Optus director of government and corporate affairs Maha Krishnapillai has said the telco cannot agree to any deal to sign customers up to the National Broadband Network (NBN) until it knows how the network will take shape.
Maha Krishnapillai (Credit: David Braue/ZDNet Australia)
Speaking to Radio 2UE's Latika Bourke this morning, Krishnapillai rejected a report last week in the Australian Financial Review that stated a deal with NBN Co was nearing completion.
"It's quite premature for us to say what we'll be doing without HFC network or in fact indeed what we'll do with the NBN. We've just had a return of the Federal Government so we've only just had confirmation that the NBN is going ahead," he said. "We still need to get information on pricing and what price models will be available for us to transit customers potentially across onto the new NBN Co."
Krishnapillai said that part of the delay in making any formal deal similar to the $11 billion Telstra arrangement was because the telco needed more certainty through industry regulatory reform. The legislation surrounding the reform of the telecommunications industry, the Telecommunications Legislations Amendment (Competition and Consumer Safeguards) Bill 2009, is due to be entered into parliament in the next few weeks.
In the meantime, Krishnapillai said discussions with the network wholesaler NBN Co were continuing.
"We're in discussions with NBN Co on a whole raft of issues from everything from pricing models, from the undertaking they have to put into the ACCC, from provisioning systems, to fault handling, to intercept, to operating systems, etcetera etcetera," he said. "It's very premature to think we'd be in any way close to signing some sort of deal with NBN Co when we don't really know what NBN Co will look like."
"When we know what NBN Co will look like, we will work very hard with the government and NBN Co to work out a logical and orderly transition to the new NBN world."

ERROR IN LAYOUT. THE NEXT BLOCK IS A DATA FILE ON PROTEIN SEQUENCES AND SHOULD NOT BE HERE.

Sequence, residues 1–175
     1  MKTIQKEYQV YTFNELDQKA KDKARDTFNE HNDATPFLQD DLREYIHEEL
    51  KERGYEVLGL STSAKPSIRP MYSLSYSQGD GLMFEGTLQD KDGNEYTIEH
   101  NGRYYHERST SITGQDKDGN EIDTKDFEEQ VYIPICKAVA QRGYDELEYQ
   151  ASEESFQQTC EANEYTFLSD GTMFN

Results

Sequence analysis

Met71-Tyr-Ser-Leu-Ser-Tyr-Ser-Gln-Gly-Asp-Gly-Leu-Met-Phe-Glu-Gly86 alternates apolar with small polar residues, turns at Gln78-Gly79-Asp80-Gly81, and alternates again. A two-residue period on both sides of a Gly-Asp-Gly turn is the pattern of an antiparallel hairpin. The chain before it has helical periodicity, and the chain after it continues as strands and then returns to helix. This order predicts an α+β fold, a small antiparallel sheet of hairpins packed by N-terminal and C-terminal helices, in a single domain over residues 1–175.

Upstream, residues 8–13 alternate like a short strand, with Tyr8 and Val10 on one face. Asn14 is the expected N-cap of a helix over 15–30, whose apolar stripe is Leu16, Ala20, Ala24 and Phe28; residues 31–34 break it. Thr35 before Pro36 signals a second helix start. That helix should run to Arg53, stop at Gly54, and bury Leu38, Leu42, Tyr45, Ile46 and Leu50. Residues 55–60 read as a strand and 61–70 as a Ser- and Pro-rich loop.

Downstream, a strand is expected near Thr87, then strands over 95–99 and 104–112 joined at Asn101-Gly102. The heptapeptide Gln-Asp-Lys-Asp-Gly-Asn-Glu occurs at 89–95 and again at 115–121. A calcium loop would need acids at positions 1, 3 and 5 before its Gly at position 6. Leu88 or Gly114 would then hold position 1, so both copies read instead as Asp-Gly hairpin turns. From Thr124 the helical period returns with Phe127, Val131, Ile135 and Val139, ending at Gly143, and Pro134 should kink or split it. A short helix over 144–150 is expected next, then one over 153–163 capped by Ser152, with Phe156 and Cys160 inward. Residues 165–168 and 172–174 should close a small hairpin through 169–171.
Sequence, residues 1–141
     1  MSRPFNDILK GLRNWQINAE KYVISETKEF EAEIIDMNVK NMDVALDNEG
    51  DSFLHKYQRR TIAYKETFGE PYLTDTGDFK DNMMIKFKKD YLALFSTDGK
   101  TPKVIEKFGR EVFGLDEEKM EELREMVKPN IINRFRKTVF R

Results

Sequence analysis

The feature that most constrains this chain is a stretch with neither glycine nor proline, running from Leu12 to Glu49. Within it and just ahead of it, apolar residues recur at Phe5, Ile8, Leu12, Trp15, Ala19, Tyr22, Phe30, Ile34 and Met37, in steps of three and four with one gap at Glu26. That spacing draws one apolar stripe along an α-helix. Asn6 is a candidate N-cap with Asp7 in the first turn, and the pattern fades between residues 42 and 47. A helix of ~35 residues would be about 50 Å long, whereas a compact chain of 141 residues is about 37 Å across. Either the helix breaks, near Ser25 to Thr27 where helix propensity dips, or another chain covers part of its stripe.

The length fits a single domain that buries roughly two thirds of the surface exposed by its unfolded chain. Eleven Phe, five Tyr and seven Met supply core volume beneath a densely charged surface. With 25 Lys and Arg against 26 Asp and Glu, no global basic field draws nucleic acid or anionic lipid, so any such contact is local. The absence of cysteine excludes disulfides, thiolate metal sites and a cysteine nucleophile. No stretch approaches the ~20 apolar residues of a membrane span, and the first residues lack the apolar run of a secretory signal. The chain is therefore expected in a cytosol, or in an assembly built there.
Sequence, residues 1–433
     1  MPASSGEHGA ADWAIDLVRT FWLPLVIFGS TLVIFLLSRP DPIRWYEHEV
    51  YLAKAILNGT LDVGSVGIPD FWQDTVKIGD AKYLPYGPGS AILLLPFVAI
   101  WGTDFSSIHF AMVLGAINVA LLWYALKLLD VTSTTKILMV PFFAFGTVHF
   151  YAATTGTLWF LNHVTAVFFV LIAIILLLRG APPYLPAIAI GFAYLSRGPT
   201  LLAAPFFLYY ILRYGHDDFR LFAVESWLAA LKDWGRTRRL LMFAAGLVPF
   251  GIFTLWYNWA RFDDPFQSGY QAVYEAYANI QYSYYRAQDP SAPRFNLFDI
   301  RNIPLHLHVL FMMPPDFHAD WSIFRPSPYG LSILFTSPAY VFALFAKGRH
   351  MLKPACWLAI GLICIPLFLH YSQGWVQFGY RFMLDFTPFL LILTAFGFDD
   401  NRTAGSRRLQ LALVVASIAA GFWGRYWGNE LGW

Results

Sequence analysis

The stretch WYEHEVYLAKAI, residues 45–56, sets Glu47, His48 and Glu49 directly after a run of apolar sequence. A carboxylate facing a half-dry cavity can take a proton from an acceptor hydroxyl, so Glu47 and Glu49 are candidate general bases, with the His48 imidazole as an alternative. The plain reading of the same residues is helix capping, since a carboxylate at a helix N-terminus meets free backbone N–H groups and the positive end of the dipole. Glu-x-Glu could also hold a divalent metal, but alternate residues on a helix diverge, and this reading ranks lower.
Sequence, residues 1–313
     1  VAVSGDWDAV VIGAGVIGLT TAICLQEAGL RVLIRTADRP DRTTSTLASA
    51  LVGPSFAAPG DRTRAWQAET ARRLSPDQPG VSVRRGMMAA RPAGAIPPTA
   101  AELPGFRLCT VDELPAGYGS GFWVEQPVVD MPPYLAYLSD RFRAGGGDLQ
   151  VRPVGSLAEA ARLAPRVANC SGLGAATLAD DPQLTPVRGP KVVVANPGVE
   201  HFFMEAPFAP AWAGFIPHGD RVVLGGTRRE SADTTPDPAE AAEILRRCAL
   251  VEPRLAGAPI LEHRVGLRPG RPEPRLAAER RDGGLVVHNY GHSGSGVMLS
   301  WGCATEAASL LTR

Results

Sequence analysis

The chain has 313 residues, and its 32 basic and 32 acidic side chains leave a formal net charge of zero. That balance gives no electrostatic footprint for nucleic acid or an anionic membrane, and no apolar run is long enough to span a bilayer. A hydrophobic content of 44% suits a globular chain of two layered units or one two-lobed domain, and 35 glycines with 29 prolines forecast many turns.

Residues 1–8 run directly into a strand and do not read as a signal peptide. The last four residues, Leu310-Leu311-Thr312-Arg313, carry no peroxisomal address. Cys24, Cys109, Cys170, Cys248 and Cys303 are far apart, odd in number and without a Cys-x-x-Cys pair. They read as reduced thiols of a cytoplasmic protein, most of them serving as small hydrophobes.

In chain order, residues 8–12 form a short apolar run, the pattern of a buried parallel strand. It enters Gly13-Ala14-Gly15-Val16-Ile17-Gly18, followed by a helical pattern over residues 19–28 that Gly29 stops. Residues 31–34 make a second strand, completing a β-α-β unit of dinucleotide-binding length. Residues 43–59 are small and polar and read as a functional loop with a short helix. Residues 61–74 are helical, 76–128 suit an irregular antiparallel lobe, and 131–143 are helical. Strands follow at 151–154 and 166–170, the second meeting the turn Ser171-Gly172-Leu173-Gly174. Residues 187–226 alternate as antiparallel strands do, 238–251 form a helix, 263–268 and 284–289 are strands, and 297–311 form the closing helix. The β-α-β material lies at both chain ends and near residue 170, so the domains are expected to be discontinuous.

Krishnapillai also took aim at those in the telco industry who believed that wireless was a legitimate alternative to the NBN.
"I must say there's an awful lot of ill-informed speculation around these sort of issues. Even from people who don't own wireless networks about what wireless can possibly do," he said. "The reality is we own the second biggest wireless network in the country. We know and are absolutely committed to wireless and particularly mobility as a future complement to fixed networks in this country.
"Anyone who has followed this sector for any period of time knows that fibre has significant advantages in terms of direct dedicated one-to-one type communication rather than a shared wireless network. But we're absolutely convinced that a wireless network will be an essential complement in fact to an NBN. So we strongly support it but it is not going to take the place of a fibre future."
This was not a sentiment reflected in a speech delivered by Shadow Communications Minister Malcolm Turnbull at the annual CommsDay Congress event in Melbourne this morning.
"We have just heard from Bevan Slattery, one of the authors of the Alliance for Affordable Broadband paper, which include some of our most experienced telco CEOs, and their contention is 'We believe that next-generation 4G technologies are the best fit for purpose for the vast majority of consumers and SOHO clients currently without other broadband delivery options'," Turnbull said.
"Likewise, the largest new national broadband initiative in the United States at present is the US$7 billion LightSquared project to build a nationwide 4G wireless broadband network to provide up to 100Mbps peak speed connectivity," he added. "The Coalition does not believe that wireless is the only answer to access shortcomings — but we do argue it is a real option for many people, that its next evolution will involve much higher speeds, and that to dismiss it as a non-contender is hardly credible."